Hugh and I were kindly invited by Jeffery Young of Allegra Strategies to attend the UK Coffee Leader Summit on the day previous to Caffe Culture. These events are always useful from a networking perspective (even though that’s generally an expression that puts the fear of god into me) but there was some great content too.
First up was Darcy Willson-Rymer – the MD of Starbucks. It was a tough day for him, that’s for sure, but I’m not convinced how much of a favour he did himself by treating the audience to a 30 minute press release about how great Starbucks is for the community both locally and globally. It was always going to be a tough audience to impress and I fear he chose the wrong message. But hey – what do I know?
After discovering just how wonderful it was for all of his staff to work with people who had learning disabilities we were forced to sit through a saccharine video where we followed the adventures of a little old lady who visits her local Starbucks every day. Horrendously the music then became a little more emotional and a “four years later” caption was flashed across the screen. It was impossible not to assume that she had died but no – four years on she was just doing the same thing. Visiting her local Starbucks and enriching the lives of the employees as much as they enriched hers. Nice.
Like most of us I actually don’t like to bash Starbucks but when they take themselves this seriously it’s impossible not to start a variety of sentences with “I’m not a Starbucks basher but...”. Those words appeared in at least 50% of the following speakers talks.
Next up we had Rebecca Hemsley of Pret a Manger speaking about training and coffee as opposed to the food side of the business. I was sitting with James Shapland (MD of the exceptional 12 site chain Coffee #1) as well as Hugo and it was enlightening to see how much of the work that we had been doing with him tied in with what Pret do. It’s worth bearing in mind that he is seeing substantial like-for-like growth this year and undoubtedly this is partly due to his relentless focus on great training.
The gist of what Rebecca was saying was this:
* Create great initial barista training
* Create great follow up training workshops (i.e. don’t assume that initial training is enough). These workshops are there to help create buzz. One of my pet rants is that many operators forget just how magical the barista process is to the customer. Clearly Pret are aware of this and she emphasised just how much work and training is involved in keeping this buzz.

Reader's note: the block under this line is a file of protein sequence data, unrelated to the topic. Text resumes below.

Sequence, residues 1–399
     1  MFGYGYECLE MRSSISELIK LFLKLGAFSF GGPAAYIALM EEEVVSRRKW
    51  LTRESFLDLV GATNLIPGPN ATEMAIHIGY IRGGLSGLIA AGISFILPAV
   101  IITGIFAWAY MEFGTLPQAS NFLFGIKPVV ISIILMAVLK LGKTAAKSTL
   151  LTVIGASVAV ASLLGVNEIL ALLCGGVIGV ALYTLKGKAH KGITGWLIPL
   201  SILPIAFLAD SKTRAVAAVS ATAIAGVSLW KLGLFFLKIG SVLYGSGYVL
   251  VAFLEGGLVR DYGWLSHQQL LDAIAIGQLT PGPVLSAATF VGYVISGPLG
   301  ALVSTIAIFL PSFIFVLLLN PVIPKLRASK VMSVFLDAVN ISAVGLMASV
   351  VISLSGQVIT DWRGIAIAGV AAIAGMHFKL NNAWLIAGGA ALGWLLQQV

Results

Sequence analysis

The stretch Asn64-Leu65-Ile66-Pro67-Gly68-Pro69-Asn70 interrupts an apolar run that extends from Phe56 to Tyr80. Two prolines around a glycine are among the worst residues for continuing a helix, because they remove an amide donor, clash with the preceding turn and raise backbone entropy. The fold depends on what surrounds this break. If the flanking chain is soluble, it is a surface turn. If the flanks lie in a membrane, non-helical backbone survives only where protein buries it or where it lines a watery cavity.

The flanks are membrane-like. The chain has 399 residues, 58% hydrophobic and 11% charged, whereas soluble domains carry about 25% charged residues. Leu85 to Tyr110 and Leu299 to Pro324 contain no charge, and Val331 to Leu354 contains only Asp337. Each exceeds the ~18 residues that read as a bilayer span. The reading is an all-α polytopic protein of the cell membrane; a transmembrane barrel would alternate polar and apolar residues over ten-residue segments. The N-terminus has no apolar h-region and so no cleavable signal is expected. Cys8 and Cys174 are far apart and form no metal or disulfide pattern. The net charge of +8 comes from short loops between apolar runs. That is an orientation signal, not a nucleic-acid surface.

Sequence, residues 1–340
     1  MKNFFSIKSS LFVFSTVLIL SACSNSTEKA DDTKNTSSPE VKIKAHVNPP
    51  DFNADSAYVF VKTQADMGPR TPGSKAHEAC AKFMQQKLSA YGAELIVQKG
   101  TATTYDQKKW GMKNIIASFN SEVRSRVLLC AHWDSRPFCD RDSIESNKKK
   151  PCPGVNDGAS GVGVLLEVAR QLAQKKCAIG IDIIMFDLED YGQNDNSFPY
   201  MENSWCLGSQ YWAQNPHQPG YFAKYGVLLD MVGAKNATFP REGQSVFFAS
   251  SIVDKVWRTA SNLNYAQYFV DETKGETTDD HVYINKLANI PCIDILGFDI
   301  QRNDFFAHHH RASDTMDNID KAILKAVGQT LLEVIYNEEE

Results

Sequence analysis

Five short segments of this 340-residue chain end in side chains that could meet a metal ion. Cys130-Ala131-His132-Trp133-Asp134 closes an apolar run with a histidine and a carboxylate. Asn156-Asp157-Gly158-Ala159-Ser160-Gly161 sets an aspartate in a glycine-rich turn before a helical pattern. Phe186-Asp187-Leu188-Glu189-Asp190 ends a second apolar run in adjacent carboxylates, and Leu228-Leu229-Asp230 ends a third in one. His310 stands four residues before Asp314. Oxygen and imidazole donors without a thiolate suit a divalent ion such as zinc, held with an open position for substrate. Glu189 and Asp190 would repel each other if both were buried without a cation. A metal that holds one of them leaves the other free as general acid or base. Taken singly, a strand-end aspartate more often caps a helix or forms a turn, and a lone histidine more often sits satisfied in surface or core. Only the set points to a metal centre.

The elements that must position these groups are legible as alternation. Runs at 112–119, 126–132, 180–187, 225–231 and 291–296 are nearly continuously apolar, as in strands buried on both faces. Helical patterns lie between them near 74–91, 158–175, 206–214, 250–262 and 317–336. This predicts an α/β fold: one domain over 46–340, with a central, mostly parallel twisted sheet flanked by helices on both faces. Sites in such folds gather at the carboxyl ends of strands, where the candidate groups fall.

* Create a great forum to get feedback from your baristas (even if bad) – and then act on it!
* They have an internal magazine for Baristas – The Bean
* They mystery shop for coffee and generally… a lot.
* They create a “Magic Moments” book which has a variety of crazy things they do to keep up the buzz. e.g. Red Tie day – you get a free breakfast if you’re wearing a red tie or free coffee if you can shoot a basketball into a hoop. It’s easy to be slightly cynical about this stuff 9and it’s not for everyone) but this stuff can be great for certain models (like Prets).
* They show their staff awesome customer service in action by showing Freddie Mercury controlling the crowd at Live Aid. This is a genius technique that I’ve often used in staff training (although not with Freddie… yet…). It totally transforms an employee’s (and ideally a manager’s) perception of how to manage people.
Watch the way he works it here:
* They really stick to their food principles. It’s hard to argue with this. Many of the big chains really dilute (especially the coffee specific ones) as they grow. I still take clients to Pret as a shining example of how to produce a really great mass produced sandwich.
* Their quality checks are relentless. This is no surprise to anyone who has run a business of any size. It may not be sexy or exciting but the only way to create the consistency is to constantly check the quality (and to be prepared to reject). As I recently quoted in our new book Henry Royce (Rolls Royce) would maintain that “good enough is NEVER good enough”. It’s a great mantra.
* they are offering 99p coffees in many locations outside London in an effort not to be seen as the “posh option”. There is a lot to be said for this but please don’t go adopting it as a knee jerk reaction. It’s a very well thought out part of their strategy and has many influencing factors.
* They give away lots of free coffee to their regular customers. Not in a loyalty card system but as an individually driven reward. But…
* They have VERY strict controls on wastage and costs.
Rebecca finished with another Freddie Mercury reference which I thought was very apt:
“We’re fussy and finicky and have very high standards. If a song can’t be done properly, we’d rather il isn’t done at all. We’re the fussiest band in the world, and we put so much loving into every album.”
There was a slight sense of “heard it all before” amongst the audience for the Pret speech but for me there were some real gems. It may well have contained nothing ground breaking but that’s the case with most successful businesses. It contained a LOT of “we do well because we work extremely hard at it” messages and very often that isn’t what people want to hear.
I’ll update with the rest after the bank holiday.